The warm days of summer are fast approaching – best to prepare! Load up on the wide selection of plants we offer to make your garden a lovely oasis. One can easily dwell on Salvias. This diverse group of plants finds a welcome spot in the North County. “Hot Lips” probably tops the popularity list; it’s hard to keep in stock. This Greggii-type has lots of cousins – shades of purple, pink, yellow and white. These showy perennials need just a bit of care to look their best. Cut them back rather severely after flowering, add some fertilizer and watch them re-bloom.
Here’s a small list of some of the many very different salvias you can plant. These particular varieties totally disappear in the winter but come back stronger every spring: Salvia darcyi, “Scarlet Spires”, “Mystic Spires”, “Amistad”, and “Black and Bloom”. The latter has black stems and vivid bright blue flowers.
We can’t forget the natives! Salvia leucophylla is extremely durable and drought tolerant and has several different species. Another type with gray leaves is “Bee’s Bliss” which makes an excellent ground cover. Salvias of the species ‘Clevelandii’ are very popular for their lavender-blue whorls; these are shrubby types and benefit from yearly pruning to prevent woody growth. Salvia apiana is very drought tolerant; it is still used by Native Americans for it’s pungent odor. This week we are expecting some plants of Salvia pachyphylla, a hard to find one that is quite lovely – does best with regular water.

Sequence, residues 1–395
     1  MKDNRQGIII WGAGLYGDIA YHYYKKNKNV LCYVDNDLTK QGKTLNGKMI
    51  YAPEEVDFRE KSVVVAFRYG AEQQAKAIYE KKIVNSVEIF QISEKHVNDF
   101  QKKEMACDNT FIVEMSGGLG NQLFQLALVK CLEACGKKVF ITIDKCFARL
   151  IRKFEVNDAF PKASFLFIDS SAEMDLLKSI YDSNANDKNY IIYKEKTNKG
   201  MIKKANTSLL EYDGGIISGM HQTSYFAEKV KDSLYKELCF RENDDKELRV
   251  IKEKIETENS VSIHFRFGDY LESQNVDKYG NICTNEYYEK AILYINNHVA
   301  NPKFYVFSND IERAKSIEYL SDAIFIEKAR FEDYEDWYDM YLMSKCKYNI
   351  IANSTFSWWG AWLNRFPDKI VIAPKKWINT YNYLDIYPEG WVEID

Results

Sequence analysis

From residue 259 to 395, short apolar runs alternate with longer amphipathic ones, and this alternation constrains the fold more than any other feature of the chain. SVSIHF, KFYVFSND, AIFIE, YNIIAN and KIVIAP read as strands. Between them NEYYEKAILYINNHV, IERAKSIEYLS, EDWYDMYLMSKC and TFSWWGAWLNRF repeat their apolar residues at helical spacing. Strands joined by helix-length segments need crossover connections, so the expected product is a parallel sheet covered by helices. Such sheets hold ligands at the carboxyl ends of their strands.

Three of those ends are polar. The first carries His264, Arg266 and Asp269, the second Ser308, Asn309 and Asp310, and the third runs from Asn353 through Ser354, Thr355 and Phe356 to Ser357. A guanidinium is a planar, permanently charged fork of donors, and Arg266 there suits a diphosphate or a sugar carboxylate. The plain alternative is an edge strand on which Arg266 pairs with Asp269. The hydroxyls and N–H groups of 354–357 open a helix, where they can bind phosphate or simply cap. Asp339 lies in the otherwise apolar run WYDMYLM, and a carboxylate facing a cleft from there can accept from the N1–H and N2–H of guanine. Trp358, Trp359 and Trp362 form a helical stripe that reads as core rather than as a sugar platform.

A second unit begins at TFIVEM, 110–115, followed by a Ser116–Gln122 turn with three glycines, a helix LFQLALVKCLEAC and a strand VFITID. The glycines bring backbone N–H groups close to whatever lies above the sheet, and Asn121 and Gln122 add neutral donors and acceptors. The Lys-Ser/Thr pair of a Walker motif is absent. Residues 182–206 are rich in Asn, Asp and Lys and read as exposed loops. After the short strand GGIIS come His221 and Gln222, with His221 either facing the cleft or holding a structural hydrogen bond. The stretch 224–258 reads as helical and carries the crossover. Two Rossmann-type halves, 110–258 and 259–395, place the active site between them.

It’s inevitable – the vegetable season is nearing the end! This week will still be seeing some tomato plants, lemon cucumber, Persian cucumbers, lettuce and pumpkin starts arriving. Also look for artichokes and strawberries including a white alpine variety. We will continue to stock a wide array of herbs. We’re happy to welcome back our most popular soil amendment – “Bumper Crop” It’s absence was due to a change in producers.
A couple of grasses to add to your collection. They come from very different parts of the world. The first is new this year and quite unusual. Harpochloa falx has the common name of “Caterpillar grass” and you can see the flowers that give it this name. This evergreen grass originates in South Africa. Height is 12 – 18″ and it is cold hardy in our area. We also have the Peruvian feather grass, Stipa ichu. This 2 to 3 foot grass sports fluffy, creamy flowers in summer and is also quite at home in our climate.
Flowers are wonderful, but sometimes you want a simple input of color in your landscape without having to deal with dead-heading, etc. Enter these plants with burgundy hues. They are generally deciduous but well worth it Cotinus coggygria, the Smoke Bush, has become extremely popular. It has great color and needs almost no water once established. The Berberis family is also in great demand. “Orange Rocket” is perhaps the most spectacular, growing about 4 feet with great color. But others, “Rose Glow”, and “Crimson Pygmy” also have many uses in the garden. The succulent Sedum “Touchdown Teak” can also add a burgundy accent.
We are expecting three varieties of sunflowers in 4″ containers – just in time for summer planting! Mammoth, Shock-a Lot and Sunsation Flame. Zinnias are also great summer flowers; you can choose the size and color to suit your needs. There are a whole lot of annuals and perennials to plant. And don’t forget the shade house – fuchsias, geraniums, begonias, coleus and more. We’ll hope to see you in the month of June!